The blogging world has taught me that there is very little sleep out there. It has taught me that having children was never going to add to anyone’s rest and relaxation, least of all mine. There are many out there – right now – struggling to persuade babies, toddlers and geriatric parents to go back to sleep. I, however, am not one of those tonight. No – tonight I am a victim of an unfortunate but surprisingly prevalent condition. Extremely Annoying Respiring Husbands Are Irritating Repeatedly (EARHAIR).
EARHAIR takes many forms. My Man-Hog, alone, has several variants. You may recognise some of them though I cannot list them all – their number is legion:
This minor irritation usually occurs in the first few minutes of EARHAIR, before the snorer has yet had a chance to settle into a proper rhythm. I think toothpaste or its mint flavouring has something to do with it. First the snorer inhales gustily through fairly clear nasal passages but then decides (because they are ANNOYING – grrrr) to exhale through the pursed stuck-together-with-unwiped-toothpaste lips with a loud *POP*, followed by the back of the throat click as the exhale is completed. Sometimes there is a double-click as the tongue mysteriously rises to the roof of the mouth and down again like Excalibur from the lake. Bearability Scale: Irritating as nettle itch but not worth stabbing him yet. Unless you want to.
This, as the name suggests, is EARHAIR happening around 40 minutes after lights out. It is a rising crescendo of chest and nasal wheezing which mimics, quite well actually, the mating call of a lion with chronic tonsilitis. The only way to stop it is a swift blow to the clavicals. Sometimes this can stop respiration altogether, depending on the savagery of said blow, but I’ll tell you how to resolve this in a later blog. Or maybe I won’t. Bearability Scale: Not yet a divorce-inciter but getting close to the wire. Requires earplugs or a change of room.
Elks R Us
This is the deep sleep, rapid eye-movement phase of EARHAIR. The sprouting bushy King of them all. This is a 2AM foghorn waking all in the house except the snorer. That sod sleeps on throughout. Elk Phase must involve some form of sonic block – how else can the bugger still sleep? Why Elk? Well because it must be similar to camping al fresco next to an elk giving multiple birth to breech babies without so much as a TENS machine. Deep drafts of air are sucked in to vibrating nasal tunnels, followed by a short pause then the long, low, resonant exhale so bass and drawn out a note it makes Pavarotti sound like a choir boy, the Elk is a raging beast of a snore. There is no cure. Only death by self-smothering or moving house without telling the snorer are the coping strategies and even then, you’ll still hear it – it will haunt your dreams with its moose-call. Bearability Scale: Un-bloody-supportable.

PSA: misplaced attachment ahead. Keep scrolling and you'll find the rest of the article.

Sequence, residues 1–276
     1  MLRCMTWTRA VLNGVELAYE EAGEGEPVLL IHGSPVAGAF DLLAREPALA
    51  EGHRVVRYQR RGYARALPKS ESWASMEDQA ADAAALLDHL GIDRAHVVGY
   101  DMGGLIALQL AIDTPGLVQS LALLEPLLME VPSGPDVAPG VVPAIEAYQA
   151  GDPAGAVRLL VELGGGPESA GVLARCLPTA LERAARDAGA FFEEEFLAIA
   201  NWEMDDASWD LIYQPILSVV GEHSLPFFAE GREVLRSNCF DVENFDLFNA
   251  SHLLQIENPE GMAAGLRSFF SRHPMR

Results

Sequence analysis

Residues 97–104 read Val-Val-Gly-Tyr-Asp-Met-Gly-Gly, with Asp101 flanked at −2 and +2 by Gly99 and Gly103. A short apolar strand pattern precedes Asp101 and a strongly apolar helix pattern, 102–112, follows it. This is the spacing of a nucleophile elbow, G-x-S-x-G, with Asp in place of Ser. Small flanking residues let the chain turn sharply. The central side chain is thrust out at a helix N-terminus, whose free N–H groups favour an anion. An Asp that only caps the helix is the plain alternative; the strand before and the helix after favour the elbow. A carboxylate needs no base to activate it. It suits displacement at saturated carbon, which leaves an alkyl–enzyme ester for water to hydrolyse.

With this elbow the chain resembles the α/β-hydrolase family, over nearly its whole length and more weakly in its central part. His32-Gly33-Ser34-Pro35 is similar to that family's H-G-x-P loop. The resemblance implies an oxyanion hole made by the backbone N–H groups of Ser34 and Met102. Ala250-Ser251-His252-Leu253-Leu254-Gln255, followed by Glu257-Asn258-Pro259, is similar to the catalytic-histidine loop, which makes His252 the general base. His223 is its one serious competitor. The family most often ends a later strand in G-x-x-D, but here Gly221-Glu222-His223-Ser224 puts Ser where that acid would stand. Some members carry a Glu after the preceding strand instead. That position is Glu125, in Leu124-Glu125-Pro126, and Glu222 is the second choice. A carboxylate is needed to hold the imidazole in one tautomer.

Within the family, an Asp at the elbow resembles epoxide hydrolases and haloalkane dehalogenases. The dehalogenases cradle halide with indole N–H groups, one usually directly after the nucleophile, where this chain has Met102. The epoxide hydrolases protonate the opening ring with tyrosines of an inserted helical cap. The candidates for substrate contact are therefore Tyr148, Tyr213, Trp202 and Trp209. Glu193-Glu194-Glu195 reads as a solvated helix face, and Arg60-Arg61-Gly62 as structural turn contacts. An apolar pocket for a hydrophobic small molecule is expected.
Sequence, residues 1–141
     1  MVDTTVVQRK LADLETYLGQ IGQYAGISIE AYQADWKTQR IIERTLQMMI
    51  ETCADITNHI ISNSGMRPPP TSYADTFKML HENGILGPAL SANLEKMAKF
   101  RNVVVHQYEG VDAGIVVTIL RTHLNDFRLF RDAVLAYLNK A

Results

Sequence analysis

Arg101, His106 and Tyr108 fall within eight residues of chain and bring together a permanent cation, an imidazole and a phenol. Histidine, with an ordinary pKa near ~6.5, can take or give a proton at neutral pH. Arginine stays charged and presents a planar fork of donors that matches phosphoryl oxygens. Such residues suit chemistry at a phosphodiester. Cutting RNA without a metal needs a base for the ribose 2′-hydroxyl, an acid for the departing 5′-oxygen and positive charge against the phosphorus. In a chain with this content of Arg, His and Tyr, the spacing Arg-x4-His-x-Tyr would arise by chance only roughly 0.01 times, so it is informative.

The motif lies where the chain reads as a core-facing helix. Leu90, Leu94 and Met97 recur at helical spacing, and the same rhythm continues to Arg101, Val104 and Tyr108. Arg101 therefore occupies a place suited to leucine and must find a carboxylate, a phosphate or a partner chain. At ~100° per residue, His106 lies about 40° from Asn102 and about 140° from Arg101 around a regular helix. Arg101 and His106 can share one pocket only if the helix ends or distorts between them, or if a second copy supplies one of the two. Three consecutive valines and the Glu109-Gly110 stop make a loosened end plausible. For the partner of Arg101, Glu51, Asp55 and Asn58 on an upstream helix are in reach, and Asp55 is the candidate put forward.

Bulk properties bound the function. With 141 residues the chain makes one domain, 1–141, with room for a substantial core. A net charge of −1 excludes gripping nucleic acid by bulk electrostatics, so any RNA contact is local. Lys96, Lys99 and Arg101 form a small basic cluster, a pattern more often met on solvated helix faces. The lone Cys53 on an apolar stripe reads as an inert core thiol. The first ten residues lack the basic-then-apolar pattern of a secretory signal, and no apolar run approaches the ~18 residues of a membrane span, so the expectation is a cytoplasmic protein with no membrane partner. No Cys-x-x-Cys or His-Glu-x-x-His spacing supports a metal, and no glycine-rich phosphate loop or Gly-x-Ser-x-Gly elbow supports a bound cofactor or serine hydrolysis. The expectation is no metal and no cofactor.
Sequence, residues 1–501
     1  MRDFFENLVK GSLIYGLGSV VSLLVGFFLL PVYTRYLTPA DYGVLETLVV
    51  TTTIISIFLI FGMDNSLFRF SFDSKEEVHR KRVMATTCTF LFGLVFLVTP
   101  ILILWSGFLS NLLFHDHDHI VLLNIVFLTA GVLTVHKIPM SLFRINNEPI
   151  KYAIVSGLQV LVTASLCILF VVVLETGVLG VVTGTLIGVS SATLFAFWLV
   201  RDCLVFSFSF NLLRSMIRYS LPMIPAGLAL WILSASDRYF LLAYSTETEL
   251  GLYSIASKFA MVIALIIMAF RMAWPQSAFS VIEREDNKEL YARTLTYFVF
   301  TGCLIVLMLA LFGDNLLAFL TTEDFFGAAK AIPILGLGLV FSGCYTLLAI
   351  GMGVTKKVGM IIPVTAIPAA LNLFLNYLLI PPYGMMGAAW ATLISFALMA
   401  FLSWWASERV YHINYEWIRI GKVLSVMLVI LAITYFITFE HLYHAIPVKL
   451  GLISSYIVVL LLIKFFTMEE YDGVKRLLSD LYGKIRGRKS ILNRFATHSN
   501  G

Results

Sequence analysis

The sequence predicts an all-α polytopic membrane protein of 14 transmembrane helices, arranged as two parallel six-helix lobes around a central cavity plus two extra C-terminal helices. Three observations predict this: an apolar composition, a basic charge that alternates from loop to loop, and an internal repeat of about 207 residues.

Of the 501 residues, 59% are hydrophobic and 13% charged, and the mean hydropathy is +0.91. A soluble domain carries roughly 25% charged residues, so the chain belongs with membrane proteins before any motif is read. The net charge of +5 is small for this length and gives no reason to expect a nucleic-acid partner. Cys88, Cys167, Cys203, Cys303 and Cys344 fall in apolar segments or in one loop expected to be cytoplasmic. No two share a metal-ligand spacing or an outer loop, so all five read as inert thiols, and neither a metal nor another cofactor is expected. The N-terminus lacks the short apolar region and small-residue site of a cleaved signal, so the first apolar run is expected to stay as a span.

So there we are. I’ve tried to give a little insight into the private hell endured by EARHAIR victims such as myself. When your baby wants to play all night, or your aged mother wants toast at 3AM despite scoffing most of a suppertime shepherd’s pie already, spare a thought for us. We don’t have wakefulness, but we have EARHAIR. And it’s getting worse.
Life is rushing by me far too fast. I want the journey to slow down a bit so I can enjoy every minute and not miss a thing.
This headlong dash through the years has been thrown into panicky relief today as my boy went off to his secondary school for the first of three “taster” days to get him used to that brave new world.
Having managed to avoid running screaming through the village yelling “No! No! Leave him be! For Pete’s sake, he’s only a baby!” and other such embarrassments, I tried to understand why I was feeling so – well – bereft is the only word I can think of.